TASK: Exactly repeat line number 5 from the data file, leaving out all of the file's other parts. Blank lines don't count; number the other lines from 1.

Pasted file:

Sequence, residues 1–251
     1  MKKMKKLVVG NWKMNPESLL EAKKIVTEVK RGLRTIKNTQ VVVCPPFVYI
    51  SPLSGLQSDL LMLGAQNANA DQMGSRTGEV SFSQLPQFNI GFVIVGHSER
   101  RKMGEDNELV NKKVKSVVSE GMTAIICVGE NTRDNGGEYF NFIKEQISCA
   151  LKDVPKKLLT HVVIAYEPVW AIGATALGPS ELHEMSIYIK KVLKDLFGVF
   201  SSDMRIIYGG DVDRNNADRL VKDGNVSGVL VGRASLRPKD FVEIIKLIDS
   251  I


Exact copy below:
   151  LKDVPKKLLT HVVIAYEPVW AIGATALGPS ELHEMSIYIK KVLKDLFGVF